- Last Updated: Monday, 08 August 2016 01:10
- Published: Tuesday, 18 November 2014 10:09
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Image from here.
Some people take pride in considering themselves as an “unpredictable” person. They equate this quality with being spontaneous, fun, and gregarious. But while this may be a desirable trait in our social intercourse as they give way to meaningful relationships, it is a very negative and certainly undesirable trait in bicycling. A bicyclist must be predictable on the road. Being predictable is necessary if you want to survive on board your two-wheeler on the streets. Consider this as gospel truth: the more predictable you ride your bicycle, the safer you will be on the streets. The question however, is how you become predictable while bicycling.
|Consider this as gospel truth: the more predictable you ride your bicycle, the safer you will be on the streets.|
Here we list some important things to consider and do in order to be predictable as you ride your bike on Metro Manila’s streets:
1. Obey the laws of vehicular traffic especially on intersections where there are traffic lights.
This means stopping on red light and positioning yourself in the right place in relation to other vehicles on the lane, whether you are going straight or turning left or right. Make sure they see you because what drivers don’t see, drivers may hit. If it is possible to weave your way to the front then you can do so but always being careful you don’t scrape or bump the vehicles on either side of you. While this may cause them to notice and see you dent their car big time, you may be liable to pay damages to their precious ride. But there are times when you could use some opportunities to your advantage, such as what this story illustrates.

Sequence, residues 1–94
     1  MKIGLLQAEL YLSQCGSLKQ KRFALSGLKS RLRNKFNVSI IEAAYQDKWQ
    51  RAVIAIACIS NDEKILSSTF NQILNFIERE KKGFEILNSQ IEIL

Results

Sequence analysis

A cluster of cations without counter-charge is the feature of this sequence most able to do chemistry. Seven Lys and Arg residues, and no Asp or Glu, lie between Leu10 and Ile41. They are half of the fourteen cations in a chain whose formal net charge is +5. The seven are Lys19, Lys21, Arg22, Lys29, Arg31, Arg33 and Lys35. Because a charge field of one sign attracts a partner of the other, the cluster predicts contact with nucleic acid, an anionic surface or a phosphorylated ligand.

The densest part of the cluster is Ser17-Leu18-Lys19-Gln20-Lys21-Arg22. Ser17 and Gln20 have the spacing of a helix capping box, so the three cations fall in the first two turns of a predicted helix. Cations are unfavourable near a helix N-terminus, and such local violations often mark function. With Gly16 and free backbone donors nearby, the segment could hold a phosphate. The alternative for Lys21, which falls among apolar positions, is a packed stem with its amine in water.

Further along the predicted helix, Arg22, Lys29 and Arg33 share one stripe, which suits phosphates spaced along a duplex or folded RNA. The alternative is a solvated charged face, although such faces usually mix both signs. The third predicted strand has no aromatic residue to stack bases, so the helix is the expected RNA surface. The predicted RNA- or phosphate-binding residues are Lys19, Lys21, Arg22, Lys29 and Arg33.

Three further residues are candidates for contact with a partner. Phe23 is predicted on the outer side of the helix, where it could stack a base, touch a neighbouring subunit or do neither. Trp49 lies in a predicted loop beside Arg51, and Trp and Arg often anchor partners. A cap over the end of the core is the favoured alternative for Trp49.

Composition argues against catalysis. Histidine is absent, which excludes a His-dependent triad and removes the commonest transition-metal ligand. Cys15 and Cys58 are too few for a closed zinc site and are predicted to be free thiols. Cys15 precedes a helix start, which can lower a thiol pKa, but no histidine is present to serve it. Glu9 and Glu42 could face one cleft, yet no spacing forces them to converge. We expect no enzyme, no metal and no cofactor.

The Lesson here: simple - know when to obey the laws of the road. Repeat - know when to obey the laws of the road.
2. Some bicyclists love to weave in and out of traffic and it’s easy to see why.
You go faster and there is that exhilarating feeling that pushes you to pedal faster. However, this the height of being utterly unpredictable. Motorists see these kind of bicyclists as road monsters and this is never good for either them or bicyclists. Weaving in and out of traffic disrupts the smooth flow of vehicular traffic and can definitely cause accidents. Mon Fernan has some good skills to impart in his article Safety on the Road Part 3.
The Lesson here: keep it straight as much as possible, letting drivers know that you know how to keep yourself in line and within your lane even if there are no visible lane markings on the road.
3. Talking about going faster:
It may be necessary at certain circumstances to go fast and safe at the same time; it depends on existing road conditions and traffic volume, and of course your lung capacity and leg power. Nevertheless, watching your speed is essential in order to be ready for any eventuality. A bicycle going 10 kph is easier to turn immediately and safely than one travelling at more than 20 kph. At any speed, you need to be able to look ahead and have time to react calmly and dodge obstacles. An incorrect abrupt maneuver can cause you to lose control of the bike.
The Lesson here: maintain a manageable speed that you are comfortable with and still have the ability to maneuver correctly.